Analytical methods

Water samples were analyzed for TOC content by Elementar LiquiTOCII, with oxidation by platinum catalysed combustion at 850 °C.

UV254 absorbance measurements were performed in accordance with Standard Methods (APHA 2012) on a CINTRA 1010, GBC Scientific Equipment spectrophotometer at a wavelength of 254 nm, with a 1 cm quartz cell, and the SUVA (Lmg−1m−1) was calculated: 
formula
THMFP was determined according to Standard Methods (APHA 2012). At the end of the 7-day reaction period, the samples were dechlorinated, and THMs were analyzed. THMs in the water samples were directly analyzed with a purge and trap system (Tekmar 3100) coupled to a gas chromatograph equipped with mass selective detector (Agilent Technologies 7890A/5975C), based on USEPA method 5030B. The practical quantitation limits for the THMs, CF, BDCM, DBCM and BF were 0.50, 0.34, 0.50 and 0.74 μg/L respectively.

The pH was measured by portable instrument (WTW InoLab pH). After the 7-day reaction period, the residual chlorine in the chlorinated water samples was in the range 3.17–3.76 mg/L, which is in accordance with Standard Methods (APHA 2012).

Bromide content was measured according to DIONEX Application Note 154 on a Dionex ICS-3000 Ion Chromatography System.

The p- and m-alkalinity was measured in accordance with Standard Methods (APHA 2012).

RESULTS AND DISCUSSION

Raw groundwater characteristics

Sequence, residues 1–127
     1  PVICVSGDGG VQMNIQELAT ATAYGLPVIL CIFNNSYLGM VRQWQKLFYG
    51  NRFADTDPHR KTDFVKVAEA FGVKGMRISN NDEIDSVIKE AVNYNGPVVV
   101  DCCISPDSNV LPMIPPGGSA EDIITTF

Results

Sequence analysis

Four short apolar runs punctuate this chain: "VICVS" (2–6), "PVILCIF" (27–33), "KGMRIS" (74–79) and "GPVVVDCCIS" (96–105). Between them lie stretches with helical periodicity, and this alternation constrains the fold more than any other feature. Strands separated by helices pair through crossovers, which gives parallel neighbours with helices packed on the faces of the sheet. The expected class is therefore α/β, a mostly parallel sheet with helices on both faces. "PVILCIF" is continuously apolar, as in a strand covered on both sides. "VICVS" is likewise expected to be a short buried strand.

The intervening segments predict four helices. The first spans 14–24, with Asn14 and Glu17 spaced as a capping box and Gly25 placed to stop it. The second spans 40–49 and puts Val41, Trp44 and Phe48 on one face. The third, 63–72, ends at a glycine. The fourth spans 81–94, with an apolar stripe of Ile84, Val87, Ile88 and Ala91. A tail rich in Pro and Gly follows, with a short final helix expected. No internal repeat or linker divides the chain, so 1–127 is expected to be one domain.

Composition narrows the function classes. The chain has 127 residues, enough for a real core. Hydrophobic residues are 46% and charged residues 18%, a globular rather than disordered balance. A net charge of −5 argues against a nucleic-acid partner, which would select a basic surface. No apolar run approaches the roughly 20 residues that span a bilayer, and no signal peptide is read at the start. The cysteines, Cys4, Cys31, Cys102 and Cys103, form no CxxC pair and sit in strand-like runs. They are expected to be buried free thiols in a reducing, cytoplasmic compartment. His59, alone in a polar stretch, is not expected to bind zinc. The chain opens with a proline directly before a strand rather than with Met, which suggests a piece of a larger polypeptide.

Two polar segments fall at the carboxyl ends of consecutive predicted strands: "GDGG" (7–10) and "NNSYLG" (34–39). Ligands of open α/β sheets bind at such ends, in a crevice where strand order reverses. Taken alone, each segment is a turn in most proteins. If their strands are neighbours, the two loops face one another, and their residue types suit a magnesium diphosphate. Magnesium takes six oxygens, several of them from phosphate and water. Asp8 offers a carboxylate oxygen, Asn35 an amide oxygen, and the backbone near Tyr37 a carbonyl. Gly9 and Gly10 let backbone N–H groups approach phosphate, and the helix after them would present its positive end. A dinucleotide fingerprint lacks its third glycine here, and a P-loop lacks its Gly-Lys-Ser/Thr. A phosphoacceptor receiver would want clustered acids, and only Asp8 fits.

Table 1 shows the characteristics of the raw groundwaters. The waters differ in the character and content of NOM. Water A has a higher NOM content (9.69 ± 0.48 mg/L TOC) than water B (3.03 ± 0.34 mg/L TOC). The UV absorbance at 254 nm and the specific UV absorbance indicate that the NOM from water A is mainly hydrophobic in nature (0.418 ± 0.03 cm−1 UV254; 4.31 ± 0.11 Lmg−1m−1 SUVA) whereas water B contains a mixture of hydrophobic and hydrophilic NOM fractions (0.082 ± 0.02 UV254; 2.71 ± 0.09 Lmg−1m−1 SUVA).

Table 1

Characteristics of the investigated groundwaters

Mean value ± SD
ParameterUnit of measurementWater AWater BNo. of measurements (n)
pH – 8.01 ± 0.10 7.81 ± 0.10 10 
Alkalinity mg CaCO3/L 1415 ± 189 731 ± 98 10 
Bromide μg/L 374 ± 32 98.6 ± 9.7 
TOC mg/L 9.69 ± 0.48 3.03 ± 0.34 
UV254 cm−1 0.418 ± 0.03 0.082 ± 0.02 
SUVA L mg−1m−1 4.31 ± 0.11 2.71 ± 0.09 
THMFP μg/L 455 ± 22 20.8 ± 5.4 
CFFP 242 ± 43 15.4 ± 4.6 
BDCMFP 148 ± 30 3.40 ± 2.09 
DBCMFP 61.1 ± 17.2 1.60 ± 0.59 
BRFP 4.44 ± 1.71 0.450 ± 0.291 
Mean value ± SD
ParameterUnit of measurementWater AWater BNo. of measurements (n)
pH – 8.01 ± 0.10 7.81 ± 0.10 10 
Alkalinity mg CaCO3/L 1415 ± 189 731 ± 98 10 
Bromide μg/L 374 ± 32 98.6 ± 9.7 
TOC mg/L 9.69 ± 0.48 3.03 ± 0.34 
UV254 cm−1 0.418 ± 0.03 0.082 ± 0.02 
SUVA L mg−1m−1 4.31 ± 0.11 2.71 ± 0.09 
THMFP μg/L 455 ± 22 20.8 ± 5.4 
CFFP 242 ± 43 15.4 ± 4.6 
BDCMFP 148 ± 30 3.40 ± 2.09 
DBCMFP 61.1 ± 17.2 1.60 ± 0.59 
BRFP 4.44 ± 1.71 0.450 ± 0.291 

SD (standard deviation) based on n (number of measurements).